Plasticsoul-Therapy. It's been a long wait, and while there have been various new tracks included on compilations in the interim, Steven Eric Wilson - a/k/a Plasticsoul - has finally released the followup to 2009's Peacock Swagger, my #1 album of that year. It's a lot to live up to but thankfully Therapy is a worthy successor. Wilson produces a somewhat more sophisticated brand of power pop than the typical three-chords-and-a-hook band with influences in the vein of John Lennon, Michael Penn and Jon Brion. After opening with the lovely, languid "My Heavy Soul", the rocking title track kicks in, complete with an Elvis Costello-esque snarling vocal and a galloping melody. Speaking of Elvis C, "All Died Pretty" would have fit in nicely on Armed Forces, while "In Her Raincoat" recalls Cheap Trick in their more Beatlesque moments. Elsewhere, the album rocks more than previous Plasticsoul releases with the densely-produced "Come Down from Your Raincloud", the swirling psychedelia of "The King of Hash" and the revved-up "Monkey on a Stick". And the closer "Biff Bang Pow" sounds just as you'd expect, proving that good music really is the best Therapy.
Cliff Hillis-Many Happy Returns EP. Death, taxes, and a wonderfully melodic new release from Cliff Hillis are life's three certainties. After his last full-length a few years back Hillis has been going the EP route, with Many Happy Returns marking his third straight which is just fine by me, getting 5-6 new tracks every year rather than waiting 2-3 years for 10-12. The highlights this time are the straight-ahead power pop of "Time an Evangelist", the whimsical title track which could have come off a Seth Swirsky/Red Button album, and "With All the World", a fine midtempo number that sounds like music made by a real adult. But really, all six tracks are great; even the one titled "Superfluous" is anything but.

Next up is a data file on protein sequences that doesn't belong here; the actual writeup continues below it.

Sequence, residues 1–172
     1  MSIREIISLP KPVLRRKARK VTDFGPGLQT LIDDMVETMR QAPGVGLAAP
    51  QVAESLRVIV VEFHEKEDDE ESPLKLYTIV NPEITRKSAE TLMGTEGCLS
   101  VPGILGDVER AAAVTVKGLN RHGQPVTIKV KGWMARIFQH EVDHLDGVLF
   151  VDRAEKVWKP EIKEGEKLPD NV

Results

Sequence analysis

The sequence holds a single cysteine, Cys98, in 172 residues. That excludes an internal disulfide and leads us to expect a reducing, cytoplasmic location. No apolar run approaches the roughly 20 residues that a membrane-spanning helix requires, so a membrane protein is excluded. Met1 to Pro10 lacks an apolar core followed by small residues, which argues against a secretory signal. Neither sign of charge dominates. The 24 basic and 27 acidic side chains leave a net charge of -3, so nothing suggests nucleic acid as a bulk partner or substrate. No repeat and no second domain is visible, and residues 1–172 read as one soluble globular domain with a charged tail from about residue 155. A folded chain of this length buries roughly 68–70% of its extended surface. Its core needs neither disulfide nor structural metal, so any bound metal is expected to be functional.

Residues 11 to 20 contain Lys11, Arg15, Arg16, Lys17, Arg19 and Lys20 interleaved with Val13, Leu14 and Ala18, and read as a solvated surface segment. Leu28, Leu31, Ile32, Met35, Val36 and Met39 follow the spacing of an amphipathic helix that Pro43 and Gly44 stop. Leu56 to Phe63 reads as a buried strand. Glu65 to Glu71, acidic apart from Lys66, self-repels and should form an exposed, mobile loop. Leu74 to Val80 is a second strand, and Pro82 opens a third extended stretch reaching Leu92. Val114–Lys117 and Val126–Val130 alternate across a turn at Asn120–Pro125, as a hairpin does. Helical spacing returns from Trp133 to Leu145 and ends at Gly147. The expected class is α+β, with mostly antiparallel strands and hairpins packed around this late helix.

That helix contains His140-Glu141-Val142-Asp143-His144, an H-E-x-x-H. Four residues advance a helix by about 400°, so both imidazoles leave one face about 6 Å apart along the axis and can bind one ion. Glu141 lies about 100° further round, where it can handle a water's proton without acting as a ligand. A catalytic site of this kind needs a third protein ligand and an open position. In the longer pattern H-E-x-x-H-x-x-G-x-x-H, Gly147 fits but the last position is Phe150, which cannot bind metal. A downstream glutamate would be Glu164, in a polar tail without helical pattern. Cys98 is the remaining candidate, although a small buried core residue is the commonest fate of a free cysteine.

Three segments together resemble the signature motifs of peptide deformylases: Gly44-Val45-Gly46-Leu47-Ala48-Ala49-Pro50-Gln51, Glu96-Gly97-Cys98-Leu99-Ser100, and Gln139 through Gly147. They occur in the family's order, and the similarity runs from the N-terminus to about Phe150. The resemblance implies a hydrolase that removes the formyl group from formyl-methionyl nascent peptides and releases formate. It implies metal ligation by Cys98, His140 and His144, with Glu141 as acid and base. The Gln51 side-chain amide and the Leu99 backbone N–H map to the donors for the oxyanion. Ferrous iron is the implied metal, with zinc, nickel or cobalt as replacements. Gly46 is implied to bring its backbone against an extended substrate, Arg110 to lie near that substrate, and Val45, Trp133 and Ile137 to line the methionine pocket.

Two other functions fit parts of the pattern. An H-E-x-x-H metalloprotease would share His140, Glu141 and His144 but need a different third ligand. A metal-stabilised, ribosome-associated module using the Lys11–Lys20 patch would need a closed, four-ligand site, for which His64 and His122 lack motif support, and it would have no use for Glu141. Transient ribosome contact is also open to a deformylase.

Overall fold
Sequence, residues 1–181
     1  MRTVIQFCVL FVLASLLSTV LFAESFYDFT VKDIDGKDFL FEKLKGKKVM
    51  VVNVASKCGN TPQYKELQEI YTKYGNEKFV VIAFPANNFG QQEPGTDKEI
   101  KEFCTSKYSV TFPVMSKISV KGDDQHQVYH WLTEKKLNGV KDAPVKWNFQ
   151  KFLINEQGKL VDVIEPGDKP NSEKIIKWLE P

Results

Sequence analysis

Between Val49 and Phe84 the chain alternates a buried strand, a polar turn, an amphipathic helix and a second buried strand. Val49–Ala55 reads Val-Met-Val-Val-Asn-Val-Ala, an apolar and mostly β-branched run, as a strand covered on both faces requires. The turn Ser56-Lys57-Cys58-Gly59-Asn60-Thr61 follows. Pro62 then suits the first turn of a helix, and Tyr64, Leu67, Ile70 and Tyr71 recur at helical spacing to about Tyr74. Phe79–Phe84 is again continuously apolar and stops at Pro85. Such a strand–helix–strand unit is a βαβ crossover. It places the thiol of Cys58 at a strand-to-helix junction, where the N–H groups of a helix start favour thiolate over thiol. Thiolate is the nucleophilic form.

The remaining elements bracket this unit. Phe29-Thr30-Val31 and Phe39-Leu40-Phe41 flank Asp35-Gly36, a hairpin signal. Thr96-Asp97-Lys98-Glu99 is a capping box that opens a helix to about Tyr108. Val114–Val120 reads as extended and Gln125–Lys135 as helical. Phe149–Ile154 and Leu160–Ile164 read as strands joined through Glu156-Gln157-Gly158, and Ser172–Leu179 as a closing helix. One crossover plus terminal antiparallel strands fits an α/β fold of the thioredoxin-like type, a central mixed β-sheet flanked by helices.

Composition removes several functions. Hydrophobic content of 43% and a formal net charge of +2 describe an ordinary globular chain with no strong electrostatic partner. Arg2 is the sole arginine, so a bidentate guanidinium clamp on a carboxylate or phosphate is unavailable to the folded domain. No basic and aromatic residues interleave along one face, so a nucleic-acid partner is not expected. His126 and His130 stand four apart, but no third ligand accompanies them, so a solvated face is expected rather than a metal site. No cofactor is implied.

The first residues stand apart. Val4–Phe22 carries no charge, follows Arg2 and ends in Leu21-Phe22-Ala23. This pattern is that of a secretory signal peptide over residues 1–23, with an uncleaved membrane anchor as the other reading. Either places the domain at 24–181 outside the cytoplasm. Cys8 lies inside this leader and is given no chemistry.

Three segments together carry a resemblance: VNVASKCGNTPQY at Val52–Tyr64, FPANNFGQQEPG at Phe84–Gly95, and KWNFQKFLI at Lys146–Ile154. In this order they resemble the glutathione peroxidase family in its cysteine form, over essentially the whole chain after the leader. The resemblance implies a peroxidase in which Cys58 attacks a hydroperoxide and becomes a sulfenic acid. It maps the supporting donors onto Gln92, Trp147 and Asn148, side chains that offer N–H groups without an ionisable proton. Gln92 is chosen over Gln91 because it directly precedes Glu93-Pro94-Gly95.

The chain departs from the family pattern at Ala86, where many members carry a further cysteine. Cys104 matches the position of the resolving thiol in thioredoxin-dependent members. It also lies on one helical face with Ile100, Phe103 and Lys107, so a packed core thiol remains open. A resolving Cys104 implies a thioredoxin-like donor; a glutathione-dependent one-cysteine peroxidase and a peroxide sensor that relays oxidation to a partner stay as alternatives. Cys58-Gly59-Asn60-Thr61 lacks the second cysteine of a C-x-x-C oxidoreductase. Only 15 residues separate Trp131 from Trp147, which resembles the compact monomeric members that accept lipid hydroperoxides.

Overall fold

The Brigadier-Wash Away the Day. Another repeat artist to these pages is Matt Williams, known to us as The Brigadier. Wash Away the Day is his first new album in four years, and it's a welcome return to the Beach Boys-meets-XTC sunny British pop we've grown accustomed to from previous releases. The buoyant "I Know You're the One for Me Baby" fits that description to a T, and "Rainy Day Friend" throws in enough minor key curves to make it one of his all-time best tracks. Meanwhile, "Feels Like Something" rocks harder than your typical Brigadier number while the breezy "Keep Your Ego Down" will take you back to the 70s. This might be The Brigadier's best yet, and frankly I think he's overdue for a promotion to Major General.